Friday, April 28, 2017

Major Issues in Trade Secret Law: Part 1

I was thrilled to attend The New Era of Trade Secret Law: The DTSA and other Developments, hosted by the IP Institute at Mitchell/Hamline School of Law and its Director, Sharon Sandeen, Robins Kaplan Distinguished Professor of Law.  The conference featured presentations by esteemed scholars of trade secret law discussing works in progress regarding trade secret law in the wake of federalization. In this post and in a subsequent post, I will provide brief summaries of some of these fascinating and important works in progress and what they say about the new federal trade secret law.

Wednesday, April 26, 2017

Biosimilars at the Supreme Court: Argument Preview

This is a guest post by Katie Mladinich, a J.D. student at Stanford Law School. She received her Ph.D. in microbiology from the University of Wisconsin–Madison.

The Supreme Court will hear arguments this morning in its first cases involving the Biologics Price Competition and Innovation Act (BPCIA), Amgen v. Sandoz and Sandoz v. Amgen. Passed as part of the Affordable Care Act in 2010, the BPCIA was intended to create an FDA approval pathway for generic versions of complex biologic drugs, biosimilars, much as the 1984 Hatch-Waxman Act has facilitated generic approvals for small-molecule drugs. The BPCIA was a hard-fought legislative compromise between those favoring stronger incentives for biologic pioneers and those seeking to rein in spiraling healthcare costs with more affordable generic drugs. The statute resolved a number of key issues, such as setting a twelve-year data exclusivity period before a biosimilar may be approved, but the policy battle over many smaller details has now moved to the courts. Amgen filed suit against Sandoz for seeking approval of a biosimilar of Amgen’s filgrastim drug, Neupogen, based on two sections of the BPCIA. Amgen claims (1) that Sandoz failed to provide Amgen a copy of its abbreviated Biologics License Application (aBLA) as required to begin the BPCIA “patent dance” under § 262(l)(2)(A), and (2) that Sandoz did not grant Amgen the required 180-day notice of commercial marketing by providing notice prior to FDA approval as required by § 272(l)(8)(A). The Northern District of California ruled in Sandoz’s favor on both issues, but the Federal Circuit overturned the district court on the second issue—while quoting Churchill in describing the statute as “a riddle wrapped in a mystery inside an enigma.” The Supreme Court is now faced with unraveling this riddle.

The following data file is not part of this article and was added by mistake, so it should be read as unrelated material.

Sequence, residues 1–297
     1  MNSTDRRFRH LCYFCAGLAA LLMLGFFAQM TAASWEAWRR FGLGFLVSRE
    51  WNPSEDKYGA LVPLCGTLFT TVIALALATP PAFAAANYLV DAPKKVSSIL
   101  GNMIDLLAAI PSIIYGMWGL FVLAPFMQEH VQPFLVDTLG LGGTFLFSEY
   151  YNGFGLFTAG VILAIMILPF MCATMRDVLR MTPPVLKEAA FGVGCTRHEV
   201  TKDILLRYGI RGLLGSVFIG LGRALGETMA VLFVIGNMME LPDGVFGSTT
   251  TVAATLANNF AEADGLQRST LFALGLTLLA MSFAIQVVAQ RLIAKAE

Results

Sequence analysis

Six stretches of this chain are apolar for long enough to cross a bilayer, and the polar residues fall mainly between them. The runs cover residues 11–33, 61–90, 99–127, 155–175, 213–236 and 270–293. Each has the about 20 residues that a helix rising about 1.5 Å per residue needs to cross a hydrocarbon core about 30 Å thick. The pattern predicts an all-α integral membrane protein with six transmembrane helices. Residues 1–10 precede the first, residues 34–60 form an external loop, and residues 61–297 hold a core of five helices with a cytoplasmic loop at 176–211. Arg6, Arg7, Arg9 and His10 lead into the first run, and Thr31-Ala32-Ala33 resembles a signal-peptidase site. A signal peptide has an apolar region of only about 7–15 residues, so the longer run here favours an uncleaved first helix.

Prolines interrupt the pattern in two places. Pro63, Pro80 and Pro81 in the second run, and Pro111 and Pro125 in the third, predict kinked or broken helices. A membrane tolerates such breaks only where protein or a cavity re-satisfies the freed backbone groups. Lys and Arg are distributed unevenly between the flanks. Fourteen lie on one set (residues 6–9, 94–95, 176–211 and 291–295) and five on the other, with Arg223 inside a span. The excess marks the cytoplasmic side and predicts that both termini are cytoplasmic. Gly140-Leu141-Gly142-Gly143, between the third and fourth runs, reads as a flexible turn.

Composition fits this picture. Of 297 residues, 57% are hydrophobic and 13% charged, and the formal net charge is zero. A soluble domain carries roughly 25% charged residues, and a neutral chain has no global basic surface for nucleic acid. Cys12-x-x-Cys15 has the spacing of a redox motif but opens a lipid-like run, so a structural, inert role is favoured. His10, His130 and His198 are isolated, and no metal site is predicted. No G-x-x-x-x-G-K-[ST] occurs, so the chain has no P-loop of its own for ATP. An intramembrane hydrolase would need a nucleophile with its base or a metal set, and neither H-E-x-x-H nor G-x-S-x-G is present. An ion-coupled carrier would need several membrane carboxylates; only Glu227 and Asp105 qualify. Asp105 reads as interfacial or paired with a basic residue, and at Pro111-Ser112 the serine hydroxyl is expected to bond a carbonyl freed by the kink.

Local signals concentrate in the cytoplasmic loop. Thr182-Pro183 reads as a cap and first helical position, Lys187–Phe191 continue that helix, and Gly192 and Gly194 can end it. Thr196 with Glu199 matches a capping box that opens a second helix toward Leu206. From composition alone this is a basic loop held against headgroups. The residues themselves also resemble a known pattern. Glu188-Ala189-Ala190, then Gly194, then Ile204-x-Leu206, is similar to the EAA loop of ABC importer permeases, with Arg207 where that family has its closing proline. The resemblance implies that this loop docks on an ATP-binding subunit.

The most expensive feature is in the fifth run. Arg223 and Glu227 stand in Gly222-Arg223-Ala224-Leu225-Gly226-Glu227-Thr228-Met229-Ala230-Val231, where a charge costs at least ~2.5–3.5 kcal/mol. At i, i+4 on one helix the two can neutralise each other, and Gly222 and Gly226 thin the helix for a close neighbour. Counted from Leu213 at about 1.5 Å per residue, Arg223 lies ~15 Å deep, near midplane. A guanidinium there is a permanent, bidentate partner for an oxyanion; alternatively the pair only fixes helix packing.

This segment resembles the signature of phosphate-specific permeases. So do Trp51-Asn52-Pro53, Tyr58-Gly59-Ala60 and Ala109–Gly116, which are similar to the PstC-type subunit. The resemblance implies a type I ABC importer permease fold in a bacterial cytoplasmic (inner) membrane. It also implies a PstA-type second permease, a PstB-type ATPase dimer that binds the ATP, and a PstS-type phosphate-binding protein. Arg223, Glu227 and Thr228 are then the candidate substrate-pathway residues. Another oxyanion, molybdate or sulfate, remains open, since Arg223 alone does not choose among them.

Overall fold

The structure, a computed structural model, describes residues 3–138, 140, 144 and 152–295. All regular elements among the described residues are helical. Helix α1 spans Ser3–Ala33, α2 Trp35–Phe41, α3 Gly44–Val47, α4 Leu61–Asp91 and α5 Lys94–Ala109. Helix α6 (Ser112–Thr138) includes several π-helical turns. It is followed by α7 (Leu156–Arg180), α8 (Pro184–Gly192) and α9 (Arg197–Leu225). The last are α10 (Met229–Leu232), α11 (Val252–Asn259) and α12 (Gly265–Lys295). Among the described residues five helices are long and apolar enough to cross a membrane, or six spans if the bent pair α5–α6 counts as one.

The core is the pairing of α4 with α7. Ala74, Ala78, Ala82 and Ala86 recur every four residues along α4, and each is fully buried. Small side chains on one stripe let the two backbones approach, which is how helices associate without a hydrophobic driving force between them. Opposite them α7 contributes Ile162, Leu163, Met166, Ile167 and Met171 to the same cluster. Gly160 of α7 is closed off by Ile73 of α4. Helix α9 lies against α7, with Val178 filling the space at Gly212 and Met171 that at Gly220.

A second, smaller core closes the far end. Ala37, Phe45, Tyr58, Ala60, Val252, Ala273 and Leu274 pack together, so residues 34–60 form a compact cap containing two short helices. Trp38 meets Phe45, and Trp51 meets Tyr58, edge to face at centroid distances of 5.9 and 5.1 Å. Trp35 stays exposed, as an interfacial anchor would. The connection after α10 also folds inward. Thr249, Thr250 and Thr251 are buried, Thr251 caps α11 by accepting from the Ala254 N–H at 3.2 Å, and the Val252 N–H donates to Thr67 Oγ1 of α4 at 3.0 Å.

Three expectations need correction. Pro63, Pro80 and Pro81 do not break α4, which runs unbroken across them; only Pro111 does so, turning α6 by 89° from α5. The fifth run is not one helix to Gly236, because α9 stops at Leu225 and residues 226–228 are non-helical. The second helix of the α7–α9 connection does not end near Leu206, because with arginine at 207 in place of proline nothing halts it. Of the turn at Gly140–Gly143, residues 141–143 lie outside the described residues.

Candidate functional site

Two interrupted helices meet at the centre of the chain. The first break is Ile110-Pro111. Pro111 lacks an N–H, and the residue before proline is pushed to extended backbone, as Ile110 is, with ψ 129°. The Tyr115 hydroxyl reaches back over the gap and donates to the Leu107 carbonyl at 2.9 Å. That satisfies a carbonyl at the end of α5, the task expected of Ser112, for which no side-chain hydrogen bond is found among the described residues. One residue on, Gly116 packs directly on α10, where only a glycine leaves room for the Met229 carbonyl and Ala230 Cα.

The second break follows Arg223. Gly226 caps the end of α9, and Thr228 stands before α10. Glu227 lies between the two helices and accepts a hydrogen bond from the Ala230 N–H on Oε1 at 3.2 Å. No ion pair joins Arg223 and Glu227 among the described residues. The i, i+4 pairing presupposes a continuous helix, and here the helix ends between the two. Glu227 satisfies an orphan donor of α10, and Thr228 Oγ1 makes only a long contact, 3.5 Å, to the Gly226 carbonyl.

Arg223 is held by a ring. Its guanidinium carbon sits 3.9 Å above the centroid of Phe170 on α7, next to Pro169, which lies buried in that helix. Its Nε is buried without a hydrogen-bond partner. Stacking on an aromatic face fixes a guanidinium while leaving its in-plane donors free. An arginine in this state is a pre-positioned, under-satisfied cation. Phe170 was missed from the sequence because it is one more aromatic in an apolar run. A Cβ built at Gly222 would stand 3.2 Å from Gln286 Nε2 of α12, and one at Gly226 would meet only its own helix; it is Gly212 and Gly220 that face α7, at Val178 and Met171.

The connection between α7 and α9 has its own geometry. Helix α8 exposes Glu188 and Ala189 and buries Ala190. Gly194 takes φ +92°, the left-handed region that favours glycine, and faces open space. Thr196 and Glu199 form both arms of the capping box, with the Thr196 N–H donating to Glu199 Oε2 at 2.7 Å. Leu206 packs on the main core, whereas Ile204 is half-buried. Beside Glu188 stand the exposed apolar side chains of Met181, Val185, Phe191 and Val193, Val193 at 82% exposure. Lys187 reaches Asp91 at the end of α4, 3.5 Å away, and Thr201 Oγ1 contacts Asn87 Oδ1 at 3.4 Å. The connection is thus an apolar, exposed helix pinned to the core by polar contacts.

Sunday, April 2, 2017

Yelderman on Accuracy in the Patent System

When the USPTO is faced with a patent application of uncertain validity, which way should it err? How do the costs of erroneous patent grants compare with the costs of erroneous patent denials? Steve Yelderman provides an insightful new take on these questions in The Value of Accuracy in the Patent System (forthcoming in the University of Chicago Law Review). In short, he concludes that erroneous patent grants are more harmful than previously assumed, but only when "the unsatisfied patentability requirement is one that seeks to influence a mutually exclusive choice"—i.e., whether it incentivizes invention over non-invention, disclosure over non-disclosure, licensing over reinvention, etc.

Under the conventional account, if one assumes that the legal criteria of patentability are set correctly (an important caveat!), then social welfare is maximized by awarding patents to patentable inventions (true positives) and denying patents to unpatentable inventions (true negatives). Erroneous denials (false negatives) create a cost of decreased ex ante incentives for other inventors (IFN), while erroneous grants (false positives) and correct grants create ex post costs like deadweight loss (C). If the probability that a given application is patentable is q, then it should only be granted at the threshold q > C/IFN. (Note that it doesn't matter whether IFN is included as a cost for false negatives or a benefit for true positives; you get to the same result.) If the ex post costs of patents are low relative to their incentive benefits, they should be granted even for inventions that are unlikely to meet patentability standards, and as the relative weight of these factors reverses, patents should only be awarded when it seems quite likely that they are deserved.

Yelderman's key insight is that this analysis ignores another important cost of erroneous grants: false positives also reduce ex ante incentives because they often narrow the expected difference between inventing and not inventing. This framework can be illustrated as follows, with IFP shown in blue: